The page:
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If you were to add a "hide this result" capability to a site like Airbnb, how/where would you do it?

i.e. you search and get dozens or hundreds of results and start to drill down into them. While there are some you want to "heart"/favorite, there are many you want to hide and never see again, such as if you modify your search locations or budget, etc. This is particularly useful because most users tweak their search multiple times (e.g modifying locations, budget, bedrooms, etc) yet a lot of the results are the same every time, including ones they've already looked at and ruled out. I would instead like to save them from having to see ones they already know they don't want.

Today on a site like Airbnb, they have the heart icon at top right of the photo. If I were to add a hide icon (e.g. trash can), what would be the best UI for that? i.e. I could locate it to the top left with equal prominence, or switch it to the top left and have trash at the top right instead, so that the heart comes first, like this:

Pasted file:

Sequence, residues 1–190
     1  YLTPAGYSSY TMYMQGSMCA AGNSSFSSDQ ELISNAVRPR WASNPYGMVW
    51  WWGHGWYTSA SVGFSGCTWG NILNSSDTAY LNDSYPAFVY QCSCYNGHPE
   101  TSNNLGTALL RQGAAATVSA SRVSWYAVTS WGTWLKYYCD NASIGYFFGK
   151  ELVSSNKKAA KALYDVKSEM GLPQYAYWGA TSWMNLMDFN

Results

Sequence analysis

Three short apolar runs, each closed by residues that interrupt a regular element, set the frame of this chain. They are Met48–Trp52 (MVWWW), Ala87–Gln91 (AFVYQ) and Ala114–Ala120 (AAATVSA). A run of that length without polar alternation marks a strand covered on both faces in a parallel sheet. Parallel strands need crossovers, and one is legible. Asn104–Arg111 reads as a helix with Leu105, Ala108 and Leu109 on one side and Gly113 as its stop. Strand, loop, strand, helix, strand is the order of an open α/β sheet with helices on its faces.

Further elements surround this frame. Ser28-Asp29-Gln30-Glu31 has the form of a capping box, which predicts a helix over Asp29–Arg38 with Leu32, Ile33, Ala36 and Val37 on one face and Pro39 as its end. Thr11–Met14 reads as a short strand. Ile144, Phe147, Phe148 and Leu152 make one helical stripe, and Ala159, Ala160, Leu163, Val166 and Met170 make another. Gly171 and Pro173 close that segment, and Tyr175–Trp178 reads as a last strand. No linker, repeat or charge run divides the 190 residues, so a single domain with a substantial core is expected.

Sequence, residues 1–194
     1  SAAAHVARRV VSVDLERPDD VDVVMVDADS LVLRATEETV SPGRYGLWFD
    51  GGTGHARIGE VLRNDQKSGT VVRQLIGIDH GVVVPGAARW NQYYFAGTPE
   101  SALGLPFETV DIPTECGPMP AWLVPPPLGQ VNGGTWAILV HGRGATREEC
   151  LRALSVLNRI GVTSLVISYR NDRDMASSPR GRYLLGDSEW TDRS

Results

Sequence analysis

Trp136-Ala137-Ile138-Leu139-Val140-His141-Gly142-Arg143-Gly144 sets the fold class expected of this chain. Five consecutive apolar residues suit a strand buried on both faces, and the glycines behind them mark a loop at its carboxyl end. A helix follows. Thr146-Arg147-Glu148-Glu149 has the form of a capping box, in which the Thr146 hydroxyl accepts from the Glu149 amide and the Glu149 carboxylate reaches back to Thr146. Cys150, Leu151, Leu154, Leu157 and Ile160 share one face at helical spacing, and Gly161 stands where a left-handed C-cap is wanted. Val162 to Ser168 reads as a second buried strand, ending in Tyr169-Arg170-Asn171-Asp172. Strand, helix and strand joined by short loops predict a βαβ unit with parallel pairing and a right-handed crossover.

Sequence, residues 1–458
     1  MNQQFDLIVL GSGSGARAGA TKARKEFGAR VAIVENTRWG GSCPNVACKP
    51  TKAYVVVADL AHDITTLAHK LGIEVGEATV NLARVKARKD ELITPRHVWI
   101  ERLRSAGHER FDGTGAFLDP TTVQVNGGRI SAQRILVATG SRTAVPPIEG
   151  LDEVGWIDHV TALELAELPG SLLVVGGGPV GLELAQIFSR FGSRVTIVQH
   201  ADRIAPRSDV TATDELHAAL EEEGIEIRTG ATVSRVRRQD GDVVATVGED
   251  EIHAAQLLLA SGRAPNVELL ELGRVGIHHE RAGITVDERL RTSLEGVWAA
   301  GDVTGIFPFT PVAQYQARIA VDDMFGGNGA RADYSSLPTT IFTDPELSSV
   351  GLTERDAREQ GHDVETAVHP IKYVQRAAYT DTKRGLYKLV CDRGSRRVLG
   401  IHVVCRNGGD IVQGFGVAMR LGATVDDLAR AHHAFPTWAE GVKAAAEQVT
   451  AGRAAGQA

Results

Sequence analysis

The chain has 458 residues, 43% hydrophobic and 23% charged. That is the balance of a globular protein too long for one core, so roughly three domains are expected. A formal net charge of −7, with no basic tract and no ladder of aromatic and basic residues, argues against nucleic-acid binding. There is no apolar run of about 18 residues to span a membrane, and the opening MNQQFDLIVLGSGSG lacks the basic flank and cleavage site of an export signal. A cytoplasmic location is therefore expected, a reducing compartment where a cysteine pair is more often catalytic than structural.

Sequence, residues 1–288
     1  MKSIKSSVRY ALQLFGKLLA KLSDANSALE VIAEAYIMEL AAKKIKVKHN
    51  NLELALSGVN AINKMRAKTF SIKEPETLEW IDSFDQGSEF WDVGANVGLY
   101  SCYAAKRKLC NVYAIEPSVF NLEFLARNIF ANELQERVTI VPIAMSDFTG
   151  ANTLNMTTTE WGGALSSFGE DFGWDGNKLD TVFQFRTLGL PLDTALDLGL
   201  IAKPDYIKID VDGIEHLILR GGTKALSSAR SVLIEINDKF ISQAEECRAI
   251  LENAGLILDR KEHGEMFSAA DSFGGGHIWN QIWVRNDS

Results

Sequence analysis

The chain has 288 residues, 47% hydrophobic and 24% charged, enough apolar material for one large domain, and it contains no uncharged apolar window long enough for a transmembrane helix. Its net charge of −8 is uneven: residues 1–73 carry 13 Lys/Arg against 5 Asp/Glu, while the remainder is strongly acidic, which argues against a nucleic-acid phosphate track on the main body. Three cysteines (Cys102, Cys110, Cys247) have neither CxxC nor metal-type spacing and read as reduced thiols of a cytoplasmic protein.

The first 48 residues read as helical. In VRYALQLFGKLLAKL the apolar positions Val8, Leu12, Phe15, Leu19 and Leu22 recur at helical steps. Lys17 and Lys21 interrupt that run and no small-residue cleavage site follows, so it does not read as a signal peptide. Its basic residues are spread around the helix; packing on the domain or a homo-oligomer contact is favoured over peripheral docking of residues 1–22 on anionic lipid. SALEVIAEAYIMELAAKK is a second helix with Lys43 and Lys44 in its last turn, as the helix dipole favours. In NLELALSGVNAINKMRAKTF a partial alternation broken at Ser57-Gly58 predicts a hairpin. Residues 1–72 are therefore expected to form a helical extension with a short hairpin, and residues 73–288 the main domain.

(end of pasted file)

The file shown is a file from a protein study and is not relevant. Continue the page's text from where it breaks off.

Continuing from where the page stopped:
enter image description here

The actual icons used are not too important here (and have been discussed in other questions in this site) but rather what the best UX is for users.

  • Is this a reasonable representation of the 'card' or 'cell' of content? For example, is there additional text that appears below the image? This matters because the placement of the action buttons needs to be designed relative to the visual flow for the user. Also, how often do you think users will click on hide vs favorite? – tohster May 13 '15 at 16:50
  • Yes, there will be content below the image, e.g. the name, price range, construction year, etc. There will also be some form of "Details" link/button which when clicked will open up the full details of the accommodation on a new tab. I think that users who understand the feature would end up hiding as many or more than they favourite. – rgareth May 14 '15 at 6:51
  • OK. It would be good practice to provide a wireframe of the full card (use dummy title and description) rather than just the graphic, because that context is essential for determining placement. – tohster May 14 '15 at 16:53
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Given the complementary nature of the two functions, I would visually place them next to each other, with a tooltip or some other text hint educating on what result can be expected from each interaction. Don't make the user go in multiple directions to "vote" on a selection.

To support a user's ability to undo, I would also explore a global "clear" or "reset" function.

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